No, this is not a joke, nor a hoax article.
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A team of Chinese and American scientists and specialists in the field claimed that they have produced a series of human-monkey hybrid embryos. Their study was published on Thursday in the journal Cell and it raised a lot of bio-ethical questions, which is totally normal, regarding what they have announced!
The study was funded by the National Natural Science Foundation of China. Apparently, the team of scientists took a six-day-old macaque monkey embryos and injected 25 human cells into each of them.
“The type of human cells used are extended pluripotent stem cells, which can help develop both embryonic and extra-embryonic tissues, according to a Cell news release.”
In a new study, researchers generate human-monkey chimeric embryos that are able to develop for up to 20 days. Read more in @CellCellPress https://t.co/2sziQFn2mj#chimera #devbio#KunmingUniversity @salkinstitute pic.twitter.com/klR936o9A2
— Cell Press (@CellPressNews) April 15, 2021
“One of the major problems in medicine is organ transplantation,” Juan Carlos Izpisua Belmonte, one of the study’s co-authors, told NPR. “The demand for that is much higher than the supply.”
Though the study was driven by altruistic goals – it has still raised a lot of issues, like, for example, what possibly potential side-effects in the creature could appear, what if it develops human emotions, etc…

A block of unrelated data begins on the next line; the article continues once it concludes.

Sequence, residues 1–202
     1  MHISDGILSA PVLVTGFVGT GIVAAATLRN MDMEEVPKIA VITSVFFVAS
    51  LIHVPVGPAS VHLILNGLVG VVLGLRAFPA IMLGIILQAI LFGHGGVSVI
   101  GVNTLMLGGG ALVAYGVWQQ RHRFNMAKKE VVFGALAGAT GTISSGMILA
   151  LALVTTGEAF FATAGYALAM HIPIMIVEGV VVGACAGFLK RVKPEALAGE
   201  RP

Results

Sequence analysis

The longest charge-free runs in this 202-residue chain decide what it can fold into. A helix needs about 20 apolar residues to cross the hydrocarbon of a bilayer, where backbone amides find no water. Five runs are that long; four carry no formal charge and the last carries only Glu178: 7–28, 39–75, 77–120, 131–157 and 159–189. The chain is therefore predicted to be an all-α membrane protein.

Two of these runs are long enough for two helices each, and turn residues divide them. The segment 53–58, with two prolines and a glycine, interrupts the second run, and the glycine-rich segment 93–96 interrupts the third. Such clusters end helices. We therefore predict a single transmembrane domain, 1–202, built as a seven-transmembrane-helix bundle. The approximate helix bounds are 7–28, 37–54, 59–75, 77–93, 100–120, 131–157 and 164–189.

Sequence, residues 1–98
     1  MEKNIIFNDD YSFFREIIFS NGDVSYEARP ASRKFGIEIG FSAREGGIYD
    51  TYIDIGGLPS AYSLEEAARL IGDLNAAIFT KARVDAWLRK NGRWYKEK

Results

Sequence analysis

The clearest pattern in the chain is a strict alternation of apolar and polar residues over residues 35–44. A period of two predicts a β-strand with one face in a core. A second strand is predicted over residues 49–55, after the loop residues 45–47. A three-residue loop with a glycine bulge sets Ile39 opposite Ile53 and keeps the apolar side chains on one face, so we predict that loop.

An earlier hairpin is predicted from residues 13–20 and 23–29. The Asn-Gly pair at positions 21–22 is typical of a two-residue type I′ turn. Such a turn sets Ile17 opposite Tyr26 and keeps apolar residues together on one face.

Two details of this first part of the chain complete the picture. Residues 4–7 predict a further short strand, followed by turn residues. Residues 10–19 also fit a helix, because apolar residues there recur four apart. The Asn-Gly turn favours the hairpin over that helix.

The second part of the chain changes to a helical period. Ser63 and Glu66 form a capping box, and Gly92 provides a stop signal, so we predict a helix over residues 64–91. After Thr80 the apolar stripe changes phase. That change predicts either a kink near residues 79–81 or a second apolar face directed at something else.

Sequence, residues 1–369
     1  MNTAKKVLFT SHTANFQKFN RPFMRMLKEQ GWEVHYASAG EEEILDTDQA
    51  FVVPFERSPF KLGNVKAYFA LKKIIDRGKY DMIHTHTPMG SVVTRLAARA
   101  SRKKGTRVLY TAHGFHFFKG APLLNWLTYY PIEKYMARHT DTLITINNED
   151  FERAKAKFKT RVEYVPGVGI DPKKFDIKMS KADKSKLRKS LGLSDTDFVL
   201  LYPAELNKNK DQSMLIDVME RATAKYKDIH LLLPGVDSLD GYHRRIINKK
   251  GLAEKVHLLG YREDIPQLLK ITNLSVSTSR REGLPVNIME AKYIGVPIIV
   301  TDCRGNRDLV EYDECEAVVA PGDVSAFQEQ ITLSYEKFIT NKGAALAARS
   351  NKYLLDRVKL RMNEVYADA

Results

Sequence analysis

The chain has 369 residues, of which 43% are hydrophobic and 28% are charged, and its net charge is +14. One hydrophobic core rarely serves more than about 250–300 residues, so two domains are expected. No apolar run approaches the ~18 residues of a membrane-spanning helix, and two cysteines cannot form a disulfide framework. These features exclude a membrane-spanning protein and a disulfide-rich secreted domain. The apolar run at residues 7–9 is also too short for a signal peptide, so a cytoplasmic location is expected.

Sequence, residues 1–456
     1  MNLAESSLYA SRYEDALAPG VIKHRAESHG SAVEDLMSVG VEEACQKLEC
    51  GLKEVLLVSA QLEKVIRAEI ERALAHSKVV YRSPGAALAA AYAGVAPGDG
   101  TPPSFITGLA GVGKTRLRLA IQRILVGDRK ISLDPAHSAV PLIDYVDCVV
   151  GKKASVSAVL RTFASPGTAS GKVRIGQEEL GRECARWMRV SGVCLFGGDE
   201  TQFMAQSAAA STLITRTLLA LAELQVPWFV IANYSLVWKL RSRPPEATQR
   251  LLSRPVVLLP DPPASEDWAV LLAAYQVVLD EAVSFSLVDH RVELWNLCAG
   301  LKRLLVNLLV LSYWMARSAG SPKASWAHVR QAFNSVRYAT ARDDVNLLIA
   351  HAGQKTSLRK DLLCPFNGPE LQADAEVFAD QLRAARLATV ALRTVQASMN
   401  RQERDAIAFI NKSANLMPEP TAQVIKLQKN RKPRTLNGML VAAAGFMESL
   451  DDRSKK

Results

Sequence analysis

“My first question is: Why?” Kirstin Matthews of Rice University’s Baker Institute told NPR. “I think the public is going to be concerned, and I am as well, that we’re just kind of pushing forward with science without having a proper conversation about what we should or should not do.”
“Should it be regulated as human because it has a significant proportion of human cells in it? Or should it be regulated just as an animal? Or something else?” Matthews said. “At what point are you taking something and using it for organs when it actually is starting to think and have logic?”
“Nobody really wants monkeys walking around with human eggs and human sperm inside them,” Stanford University bioethicist Hank Greely told NPR. “Because if a monkey with human sperm meets a monkey with human eggs, nobody wants a human embryo inside a monkey’s uterus.”
The researchers conducted this study as part of an effort to discover new methods of creating organs for those in need of transplants.